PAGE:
The ideas of the ruling class are in every epoch the ruling ideas: i.e. the class, which is the ruling material force of society, is at the same time its ruling intellectual force. The class which has the means of material production at its disposal, has control at the same time over the means of mental production.
Not only do the employers own the factories and offices, they also ensure to the best of their abilities that their ideas remain the ruling ideas. The whole structure of society—the education system, the family, the state machine, the media—is designed so that these ideas are transmitted as though they were the most natural thing in the world. So we are constantly faced with beliefs which defend the right of our rulers to rule. We are told that bosses deserve their incomes and lifestyles because they take risks and work harder, that we all have a ‘national interest’ which binds us together, that any attempt to fundamentally change society has been doomed to failure.
Capitalist exploitation also creates the alienation of workers. Workers produce the wealth in society, but are cut off from the products of their labour. These products appear as estranged from any control that workers might have over them. Workers feel a sense of powerlessness not just at work but in every aspect of their lives.
For the proletarians… the condition of their existence, labour, and with it all the conditions of existence modern society, have become something accidental, something over which they, as separate individuals, have no control, and over which no social organisation can give them control.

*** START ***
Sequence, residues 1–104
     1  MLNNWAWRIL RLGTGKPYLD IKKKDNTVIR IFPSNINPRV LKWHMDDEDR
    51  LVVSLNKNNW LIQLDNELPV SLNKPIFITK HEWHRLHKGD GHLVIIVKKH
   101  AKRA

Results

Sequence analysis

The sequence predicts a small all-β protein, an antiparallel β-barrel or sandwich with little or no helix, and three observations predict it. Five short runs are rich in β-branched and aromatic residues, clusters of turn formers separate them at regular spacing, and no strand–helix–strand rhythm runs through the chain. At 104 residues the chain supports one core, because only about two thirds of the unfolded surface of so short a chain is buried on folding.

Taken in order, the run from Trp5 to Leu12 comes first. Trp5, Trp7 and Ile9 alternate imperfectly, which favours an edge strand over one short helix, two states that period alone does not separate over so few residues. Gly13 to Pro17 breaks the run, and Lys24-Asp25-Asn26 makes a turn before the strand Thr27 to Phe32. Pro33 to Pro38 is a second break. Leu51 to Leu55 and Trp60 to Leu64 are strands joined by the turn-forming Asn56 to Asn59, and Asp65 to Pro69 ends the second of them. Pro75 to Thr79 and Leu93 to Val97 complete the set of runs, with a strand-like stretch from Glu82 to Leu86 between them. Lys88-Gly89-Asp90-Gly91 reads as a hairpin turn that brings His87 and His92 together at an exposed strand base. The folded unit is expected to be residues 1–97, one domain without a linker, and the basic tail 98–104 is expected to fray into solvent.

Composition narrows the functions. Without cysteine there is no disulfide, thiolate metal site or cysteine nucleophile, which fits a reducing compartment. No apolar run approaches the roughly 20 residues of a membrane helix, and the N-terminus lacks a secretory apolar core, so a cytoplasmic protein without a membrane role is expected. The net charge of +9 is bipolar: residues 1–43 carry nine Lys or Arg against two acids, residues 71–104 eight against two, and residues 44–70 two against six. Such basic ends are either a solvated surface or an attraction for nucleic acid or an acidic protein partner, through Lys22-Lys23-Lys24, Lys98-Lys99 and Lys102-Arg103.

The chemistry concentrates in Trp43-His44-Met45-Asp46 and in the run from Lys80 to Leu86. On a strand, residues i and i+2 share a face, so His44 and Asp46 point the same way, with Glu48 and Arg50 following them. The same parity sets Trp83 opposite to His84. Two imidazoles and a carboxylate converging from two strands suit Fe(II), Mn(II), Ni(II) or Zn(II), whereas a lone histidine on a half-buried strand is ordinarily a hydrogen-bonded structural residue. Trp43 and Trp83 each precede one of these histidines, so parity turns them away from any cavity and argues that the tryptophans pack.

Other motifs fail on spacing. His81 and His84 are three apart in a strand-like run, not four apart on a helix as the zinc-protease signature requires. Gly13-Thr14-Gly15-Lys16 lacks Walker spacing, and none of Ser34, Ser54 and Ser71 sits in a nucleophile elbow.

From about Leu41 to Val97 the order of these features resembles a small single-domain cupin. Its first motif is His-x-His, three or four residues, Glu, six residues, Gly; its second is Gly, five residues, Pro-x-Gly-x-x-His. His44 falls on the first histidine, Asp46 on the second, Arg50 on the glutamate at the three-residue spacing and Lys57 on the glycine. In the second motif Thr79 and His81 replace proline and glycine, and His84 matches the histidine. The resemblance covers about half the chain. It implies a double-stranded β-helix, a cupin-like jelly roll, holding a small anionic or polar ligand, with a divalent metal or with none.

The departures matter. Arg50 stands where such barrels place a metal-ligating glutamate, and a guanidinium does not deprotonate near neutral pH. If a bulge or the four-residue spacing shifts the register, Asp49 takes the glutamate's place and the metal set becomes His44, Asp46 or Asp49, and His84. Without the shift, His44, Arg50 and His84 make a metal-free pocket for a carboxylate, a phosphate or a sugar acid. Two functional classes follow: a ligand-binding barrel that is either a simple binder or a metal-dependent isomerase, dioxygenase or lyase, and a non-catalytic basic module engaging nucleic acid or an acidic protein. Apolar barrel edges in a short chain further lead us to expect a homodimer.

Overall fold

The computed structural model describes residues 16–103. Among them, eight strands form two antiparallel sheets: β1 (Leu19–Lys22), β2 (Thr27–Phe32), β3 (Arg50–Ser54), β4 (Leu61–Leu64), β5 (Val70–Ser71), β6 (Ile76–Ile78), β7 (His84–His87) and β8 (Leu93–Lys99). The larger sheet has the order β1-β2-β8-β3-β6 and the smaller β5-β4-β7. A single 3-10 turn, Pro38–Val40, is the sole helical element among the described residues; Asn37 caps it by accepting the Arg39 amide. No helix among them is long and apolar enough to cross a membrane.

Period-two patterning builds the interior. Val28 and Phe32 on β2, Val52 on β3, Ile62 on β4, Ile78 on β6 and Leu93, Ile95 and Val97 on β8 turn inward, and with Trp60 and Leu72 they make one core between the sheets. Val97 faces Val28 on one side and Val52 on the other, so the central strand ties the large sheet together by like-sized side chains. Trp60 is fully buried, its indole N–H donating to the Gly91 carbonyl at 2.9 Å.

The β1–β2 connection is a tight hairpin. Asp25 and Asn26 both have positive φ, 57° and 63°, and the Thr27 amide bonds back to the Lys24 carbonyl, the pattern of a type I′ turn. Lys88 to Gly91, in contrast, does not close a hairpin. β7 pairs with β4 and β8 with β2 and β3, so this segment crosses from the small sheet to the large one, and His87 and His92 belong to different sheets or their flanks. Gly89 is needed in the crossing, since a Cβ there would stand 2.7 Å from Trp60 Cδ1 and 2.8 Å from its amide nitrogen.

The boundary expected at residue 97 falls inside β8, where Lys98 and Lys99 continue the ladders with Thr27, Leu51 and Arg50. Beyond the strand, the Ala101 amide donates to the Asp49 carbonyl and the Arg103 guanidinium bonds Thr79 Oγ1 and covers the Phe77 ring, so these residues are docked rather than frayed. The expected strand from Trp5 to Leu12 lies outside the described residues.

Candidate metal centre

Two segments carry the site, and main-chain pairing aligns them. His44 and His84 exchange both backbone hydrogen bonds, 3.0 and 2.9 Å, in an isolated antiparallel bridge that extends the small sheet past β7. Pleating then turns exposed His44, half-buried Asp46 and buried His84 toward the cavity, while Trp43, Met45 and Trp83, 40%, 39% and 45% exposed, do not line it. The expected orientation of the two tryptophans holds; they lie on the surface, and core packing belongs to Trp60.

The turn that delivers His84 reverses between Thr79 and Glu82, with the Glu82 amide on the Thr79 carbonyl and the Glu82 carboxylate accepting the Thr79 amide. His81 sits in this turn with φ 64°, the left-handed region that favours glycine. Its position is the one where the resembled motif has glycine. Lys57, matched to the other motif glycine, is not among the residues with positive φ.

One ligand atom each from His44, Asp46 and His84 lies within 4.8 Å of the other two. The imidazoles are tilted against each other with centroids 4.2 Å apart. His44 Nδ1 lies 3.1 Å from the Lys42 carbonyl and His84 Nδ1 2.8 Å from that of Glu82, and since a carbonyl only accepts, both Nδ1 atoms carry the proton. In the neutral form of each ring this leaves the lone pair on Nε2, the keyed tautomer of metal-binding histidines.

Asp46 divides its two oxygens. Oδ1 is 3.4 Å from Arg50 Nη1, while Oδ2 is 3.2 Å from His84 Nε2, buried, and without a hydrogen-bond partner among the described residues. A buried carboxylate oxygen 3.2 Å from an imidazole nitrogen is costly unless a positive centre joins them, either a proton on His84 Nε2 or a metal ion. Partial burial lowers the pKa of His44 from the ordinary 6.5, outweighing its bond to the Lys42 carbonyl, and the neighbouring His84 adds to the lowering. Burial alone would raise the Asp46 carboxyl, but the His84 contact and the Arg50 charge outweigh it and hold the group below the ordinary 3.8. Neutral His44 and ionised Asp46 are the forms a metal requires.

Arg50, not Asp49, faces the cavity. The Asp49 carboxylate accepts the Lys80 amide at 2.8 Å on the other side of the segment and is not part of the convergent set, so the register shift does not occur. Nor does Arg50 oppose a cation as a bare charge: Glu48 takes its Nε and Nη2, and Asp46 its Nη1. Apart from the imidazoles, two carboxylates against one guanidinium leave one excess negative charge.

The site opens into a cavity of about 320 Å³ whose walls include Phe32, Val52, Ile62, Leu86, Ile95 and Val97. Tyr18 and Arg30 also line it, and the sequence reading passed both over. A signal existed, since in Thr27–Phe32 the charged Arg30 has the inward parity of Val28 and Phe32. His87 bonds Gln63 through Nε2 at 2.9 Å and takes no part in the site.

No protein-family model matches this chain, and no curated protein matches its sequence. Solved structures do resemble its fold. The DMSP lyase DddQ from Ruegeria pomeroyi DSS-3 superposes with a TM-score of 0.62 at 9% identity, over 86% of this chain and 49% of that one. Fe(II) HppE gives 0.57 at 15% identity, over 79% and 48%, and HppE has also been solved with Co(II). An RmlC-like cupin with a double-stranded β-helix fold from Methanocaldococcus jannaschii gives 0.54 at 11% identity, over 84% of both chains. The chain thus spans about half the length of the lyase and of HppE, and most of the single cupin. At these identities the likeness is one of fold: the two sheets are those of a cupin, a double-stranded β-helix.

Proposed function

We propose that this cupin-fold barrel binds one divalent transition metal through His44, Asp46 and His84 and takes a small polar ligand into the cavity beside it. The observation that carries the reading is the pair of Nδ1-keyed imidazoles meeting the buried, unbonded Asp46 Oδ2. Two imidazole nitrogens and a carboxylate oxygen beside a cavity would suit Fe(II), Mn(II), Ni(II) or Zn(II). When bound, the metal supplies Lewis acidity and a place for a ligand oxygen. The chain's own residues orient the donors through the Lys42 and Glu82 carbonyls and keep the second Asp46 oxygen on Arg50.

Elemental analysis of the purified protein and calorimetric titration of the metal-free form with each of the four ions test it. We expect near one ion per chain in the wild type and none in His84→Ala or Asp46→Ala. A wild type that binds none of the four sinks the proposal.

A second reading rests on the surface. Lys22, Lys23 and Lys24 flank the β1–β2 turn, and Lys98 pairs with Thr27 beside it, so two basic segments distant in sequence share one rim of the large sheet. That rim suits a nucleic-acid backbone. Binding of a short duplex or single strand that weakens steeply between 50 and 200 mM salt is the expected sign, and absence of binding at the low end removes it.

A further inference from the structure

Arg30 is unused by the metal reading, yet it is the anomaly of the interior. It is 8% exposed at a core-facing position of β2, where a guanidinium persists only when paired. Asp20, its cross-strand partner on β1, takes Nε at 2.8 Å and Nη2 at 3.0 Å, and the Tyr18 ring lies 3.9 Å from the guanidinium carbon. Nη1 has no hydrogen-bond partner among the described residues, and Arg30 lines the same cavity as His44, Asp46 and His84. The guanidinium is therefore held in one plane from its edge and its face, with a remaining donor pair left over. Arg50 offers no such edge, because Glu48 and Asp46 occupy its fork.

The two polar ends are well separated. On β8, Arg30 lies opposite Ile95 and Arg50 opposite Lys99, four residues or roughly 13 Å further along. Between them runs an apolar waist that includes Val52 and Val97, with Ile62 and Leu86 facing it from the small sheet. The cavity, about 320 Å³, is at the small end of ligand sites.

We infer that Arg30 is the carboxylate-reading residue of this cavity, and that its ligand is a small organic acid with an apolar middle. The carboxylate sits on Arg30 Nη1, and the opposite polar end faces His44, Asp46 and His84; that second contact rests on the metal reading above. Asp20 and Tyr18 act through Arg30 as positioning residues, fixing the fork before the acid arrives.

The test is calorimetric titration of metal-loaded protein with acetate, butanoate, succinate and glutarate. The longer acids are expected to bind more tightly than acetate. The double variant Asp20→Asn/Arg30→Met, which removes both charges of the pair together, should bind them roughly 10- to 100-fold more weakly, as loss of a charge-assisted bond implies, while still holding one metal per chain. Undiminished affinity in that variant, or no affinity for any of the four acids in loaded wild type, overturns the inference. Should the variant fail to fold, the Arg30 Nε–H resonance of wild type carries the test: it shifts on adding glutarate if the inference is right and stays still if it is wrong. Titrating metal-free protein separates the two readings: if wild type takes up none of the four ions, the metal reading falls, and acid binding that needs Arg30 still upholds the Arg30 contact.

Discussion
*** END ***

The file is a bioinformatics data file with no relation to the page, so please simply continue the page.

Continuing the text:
In addition, the things which workers produce confront them as commodities, goods to be bought and sold in the market. Commodities are a product of social relations—of the exploitation of workers—but appear as objects which determine social relations. They seem to workers as something detached from their work and their life, which can only be obtained by resort to the market. Everything has a price including both what they produce and their own labour power.
It is no wonder that workers, deprived of the means of production and separated from the products of their labour, see work not as the most meaningful part of life but as a sacrifice of their life. The idyllic properties invested in the idea of retirement from work, or even the arrival of the weekend or Friday night, within popular mythology, demonstrate how much work is seen as an unpleasant reality which has to be got through in order to begin ‘living’. Yet the estrangement and lack of control that workers feel about the world around them ensure that leisure too is dominated by alienation—there is no escape from the market and from the world of commodities.
It is precisely this condition which leads workers to see themselves other than as workers. It is very common today for workers to be seen simply as consumers. Many argue that the collective identity nurtured by large factories, company towns or big working class estates, leisure time dominated by mass activities such as attending football matches or day trips to Blackpool, has disappeared. Now individuals go to work separately in cars, work in smaller units, live in Brookside-like housing developments and watch videos. They identify themselves not by class position but by what they spend, how they spend it and how they dress.
Increasingly since the 1950s, the labour market has ceased to be a primary source of identity. It has yielded its dominant position to the consumer market. People are, it is said, no longer what they do, but what they have, what they own. Perhaps this is why, when we look at a crowd of people, it no longer makes sense to ask whether they are working class or middle class. All we see is a collection of individuals going about their chosen business, freed from the limitations that bound earlier generations to their place in society.
There are of course very important partial truths in such statements. The attitude of most individuals is to define themselves in terms of their personal relationships, their hobbies and other such factors. This is not, of course, a new phenomenon. Throughout the 20th century, working class cultural habits, fashion and holidays have all played a significant part in workers’ lives.